In order to set the stage for this discussion, there are a few points of background information that need to be presented. First off, Americans need to realize that the United States is NOT experiencing a gun violence epidemic. In fact, the number of homicides as a result of gun violence has drastically decreased since 1993. According to the Pew Research Center, “Between 1993 and 2000, the gun homicide rate dropped by nearly half, from 7.0 homicides to 3.8 homicides per 100,000 people.” Since 2000, the gun homicide rate has remained fairly consistent, falling further in 2009 and remaining flat since then. These figures don’t account for gun-related suicides, however, if one sincerely desires to kill themselves, I doubt that gun control will be a preventative factor. Therefore, such figures make it difficult to argue that the United States is experiencing a gun-violence epidemic.
Secondly, considering the statistics on gun-related homicides, why do many Americans continue to believe that the number of gun-related homicides have increased? There are two parts to this answer: increased emotional appeal on behalf of the media and the preconceived notion that gun control is a necessary policy. Whenever a mass shooting occurs, the media focuses on the motive and background of the shooter, unintentionally providing the killer with a few moments of infamy. As the dust begins to settle, the focus turns to guns, which quickly become the political scapegoat for the incident. Instead of holding people accountable for their actions, idealistic politicians attempt to further a long-desired political agenda. The media is quick to join in to instill fear into the hearts and minds of its viewership. As a result, it is natural that people have the preconceived notion that gun control is a necessary policy measure.
Regardless of how one feels about gun control, it is important to realize that gun control, in itself, isn’t the problem. The idea that we need gun control to solve a much deeper underlying issue is the problem. Gun control activists, as pure as their intentions may be, feed into the idea that individuals are not responsible for their own actions. Unfortunately, this idea is becoming increasingly prevalent in our society. We have become a society that has complete disdain for personal responsibility. We come up with excuses as to why we we should never be faulted. We look for others upon whom we can place the blame. We are constantly told that we “deserve” things. Instead of standing up and taking responsibility for our actions, we are raised to believe that we are not personally responsible for our position in life. There is always someone, or something, else to blame. Unfortunately, society encourages such behavior.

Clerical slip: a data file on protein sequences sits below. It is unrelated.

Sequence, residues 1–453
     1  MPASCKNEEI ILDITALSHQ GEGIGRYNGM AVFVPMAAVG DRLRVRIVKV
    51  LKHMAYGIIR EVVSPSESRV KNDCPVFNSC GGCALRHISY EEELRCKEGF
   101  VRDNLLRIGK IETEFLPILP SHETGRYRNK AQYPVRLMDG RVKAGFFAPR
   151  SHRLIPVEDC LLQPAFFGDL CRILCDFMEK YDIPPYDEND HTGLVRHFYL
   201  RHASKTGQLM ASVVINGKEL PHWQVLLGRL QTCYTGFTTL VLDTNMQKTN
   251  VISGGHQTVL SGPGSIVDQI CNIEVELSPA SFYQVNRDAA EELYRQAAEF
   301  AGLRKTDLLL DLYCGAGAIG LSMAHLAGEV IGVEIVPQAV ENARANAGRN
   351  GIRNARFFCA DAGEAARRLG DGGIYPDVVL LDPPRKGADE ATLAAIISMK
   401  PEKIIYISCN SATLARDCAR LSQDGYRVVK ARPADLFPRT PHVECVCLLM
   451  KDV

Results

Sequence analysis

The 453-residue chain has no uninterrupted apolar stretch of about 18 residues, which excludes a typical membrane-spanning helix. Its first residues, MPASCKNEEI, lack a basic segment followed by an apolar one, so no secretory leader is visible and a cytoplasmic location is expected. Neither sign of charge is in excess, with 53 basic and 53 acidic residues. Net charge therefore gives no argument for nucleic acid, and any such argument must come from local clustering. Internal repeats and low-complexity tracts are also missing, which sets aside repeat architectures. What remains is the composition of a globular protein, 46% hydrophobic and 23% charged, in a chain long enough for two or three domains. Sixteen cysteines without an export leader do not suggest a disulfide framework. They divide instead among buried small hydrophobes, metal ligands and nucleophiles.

How does this relate to gun control? It’s simple. Gun control is a reflection of society’s disdain for personal responsibility. As cliché as it may be, the old adage “guns don’t kill people, people kill people” sums up the idea individuals are ultimately responsible for their actions. However, instead of blaming the shooter for his actions, we are always quick to blame the gun. Instead of focusing on justice, we focus on the inanimate object that was used to perform the act of terror. We blame violent acts on the accessibility of guns and fail to realize that it is evil that compels individuals to commit such acts of violence. As long as we continue to blame guns for acts that are perpetrated by individual action, we will fail to prevent future tragedies.
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